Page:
The brainchild of Philadelphia-based techies Katie Regenye, Dana Vachon and Jessica Victor, Open Source Cupcakes offers tons of free recipes for—you guessed it—cupcakes.
The site explains, "Being involved in the Philadelphia tech community, I heard the open source concept tossed around daily. Sharing with others, communication, making things better. That certainly can be applied to cupcakes." In the spirit of open source, the site offers "baking support, new ideas and [a] place where cupcake lovers and bakers alike can communicate."
In 2009, Facebook began tackling a huge project: building a new data center from the ground up that would scale along with the social network's phenomenal growth and be as energy efficient as possible. The resulting data center in Prineville, Oregon, used 38 percent less energy than their existing facilities to do the same work, and it cost about 24 percent less as well.
Long a champion and user of open source software, Facebook decided to "open source" this new data center. In 2011, the company released the specs for the facility and invited others to make suggestions for improvement.
What makes it open source? At the Open Compute Project website, you can find specs and designs for the center's servers, racks, cabinets, and electrical and mechanical systems. The details are also available on GitHub. In order to get feedback from outsiders, Facebook has also conducted Open Computer Project summits and set up several working groups that will continue looking for ways to improve data center efficiency.
In 2007, this group showed off the word's first open source car at the AutoRAI show in Amsterdam. Developed by three Dutch universities, c,mm,n (pronounced "common") is a community-built electric vehicle with an emphasis on sustainability.
The c,mm,n community has aims far beyond simply creating an open source car, however. The group is actively involved in crafting a strategy that will enable 1 million electric cars to be on the road in The Netherlands by 2020. They also regularly reach out to others for input with "garage" events.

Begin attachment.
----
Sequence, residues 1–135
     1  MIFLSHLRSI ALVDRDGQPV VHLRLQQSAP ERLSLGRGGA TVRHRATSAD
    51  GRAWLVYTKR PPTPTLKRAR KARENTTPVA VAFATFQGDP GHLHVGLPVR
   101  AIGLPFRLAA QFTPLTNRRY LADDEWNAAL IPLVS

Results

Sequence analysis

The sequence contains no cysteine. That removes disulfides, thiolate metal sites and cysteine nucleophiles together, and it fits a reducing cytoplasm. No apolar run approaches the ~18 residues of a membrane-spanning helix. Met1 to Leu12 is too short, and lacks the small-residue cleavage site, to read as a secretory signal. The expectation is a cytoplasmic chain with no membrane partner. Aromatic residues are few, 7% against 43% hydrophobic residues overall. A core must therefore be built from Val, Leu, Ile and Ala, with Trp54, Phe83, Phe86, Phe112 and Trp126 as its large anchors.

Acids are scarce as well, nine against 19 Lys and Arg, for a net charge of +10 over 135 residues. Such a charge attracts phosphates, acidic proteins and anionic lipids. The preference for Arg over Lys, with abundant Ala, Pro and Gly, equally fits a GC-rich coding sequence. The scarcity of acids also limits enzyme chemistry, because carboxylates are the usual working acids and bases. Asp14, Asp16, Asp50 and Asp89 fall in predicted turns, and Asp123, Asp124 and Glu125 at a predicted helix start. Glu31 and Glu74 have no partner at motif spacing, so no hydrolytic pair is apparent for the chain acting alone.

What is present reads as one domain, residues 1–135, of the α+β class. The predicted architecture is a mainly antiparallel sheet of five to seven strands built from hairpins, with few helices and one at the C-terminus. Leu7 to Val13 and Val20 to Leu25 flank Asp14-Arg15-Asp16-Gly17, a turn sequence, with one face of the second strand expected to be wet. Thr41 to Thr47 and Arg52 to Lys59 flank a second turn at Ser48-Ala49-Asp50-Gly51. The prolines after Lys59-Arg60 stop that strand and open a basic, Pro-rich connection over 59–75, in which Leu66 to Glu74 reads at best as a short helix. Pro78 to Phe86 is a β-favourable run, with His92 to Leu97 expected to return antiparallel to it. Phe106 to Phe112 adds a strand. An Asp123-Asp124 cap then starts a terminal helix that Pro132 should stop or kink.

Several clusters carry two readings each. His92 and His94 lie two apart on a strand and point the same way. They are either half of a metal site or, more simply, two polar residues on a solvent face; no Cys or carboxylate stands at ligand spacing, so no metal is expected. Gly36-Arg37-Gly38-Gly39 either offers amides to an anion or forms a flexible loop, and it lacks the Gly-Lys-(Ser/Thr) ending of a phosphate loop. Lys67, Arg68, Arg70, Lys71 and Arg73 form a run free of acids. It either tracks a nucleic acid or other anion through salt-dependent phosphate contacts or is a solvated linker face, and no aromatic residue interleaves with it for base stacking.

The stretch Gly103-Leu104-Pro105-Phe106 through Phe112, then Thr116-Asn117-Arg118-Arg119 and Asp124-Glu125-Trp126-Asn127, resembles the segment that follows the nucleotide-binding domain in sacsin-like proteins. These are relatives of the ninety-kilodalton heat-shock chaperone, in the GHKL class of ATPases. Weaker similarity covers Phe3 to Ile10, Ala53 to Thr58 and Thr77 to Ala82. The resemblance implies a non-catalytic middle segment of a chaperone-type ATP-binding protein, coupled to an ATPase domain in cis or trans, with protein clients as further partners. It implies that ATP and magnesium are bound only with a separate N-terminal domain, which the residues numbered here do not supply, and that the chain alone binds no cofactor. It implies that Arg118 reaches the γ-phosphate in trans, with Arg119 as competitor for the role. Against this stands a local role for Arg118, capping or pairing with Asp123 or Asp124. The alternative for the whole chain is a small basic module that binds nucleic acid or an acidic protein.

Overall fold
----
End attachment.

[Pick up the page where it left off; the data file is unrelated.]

What makes it open source? C,mm,n has released all of the blueprints and other documentation for their electric car online. They also invite contributions through their online forums and various events. Anyone who wishes can use c,mm,n ideas and technology to create their own sustainable vehicles, provided that they also release their hardware under an open source license.
The highly creative Nick Johnson built his own barbot and named it iZac in homage to Futurama. Through an Android-based interface, users can order up a drink and iZac will mix it up. It can dispense six different liquids at a time, and it also includes a Google-inspired "I'm feeling lucky" button for those who want iZac to create an original drink just for them.
The iZac has handled bartending duties on a couple of occasions at events in Sydney and was generally a hit with a crowd, whether it was making sodas or alcoholic drinks. The blog post offers details of how iZac was constructed, with plenty of pictures and resources.
What makes it open source? Johnson has released all the code for the iZac interface at GitHub, and he posted the hardware specifications at Thingverse. You can also find plenty of other information on the main blog post, or you can leave comments and read the suggestions for improvements that others have made.
The U.S. Central Intelligence Agency isn't exactly known for its transparency, but it does have an "Open Source Center." There, analysts who call themselves "ninja librarians" pore over Tweets, newspapers, radio and television broadcasts and other open media to find hints about public opinion in other countries.
Like most CIA operations, the Open Source Center is somewhat secretive, but the Associated Press did recently get a tour of the primary facility in Virginia. The center analyzes up to 5 million Twitter messages a day. That work allowed them to successfully predict the uprising in Egypt, although they didn't know exactly when it would begin, said the center's director, Doug Naquin.
Naquin said the ideal candidate for a job at the OSC is a lot like the main character in The Girl With the Dragon Tattoo, a techie who "knows how to find stuff other people don't know exists." They particularly look for people with master's degrees in library science who can speak multiple languages.
What makes it open source? In this case, "open source" mostly describes the information the group is looking at, not the information they're sharing. However, the CIA has been more open about the operations at the OSC than other methods of intelligence gathering, and U.S. federal, state and local government employees and contractors can register at the OSC site to get access to their findings.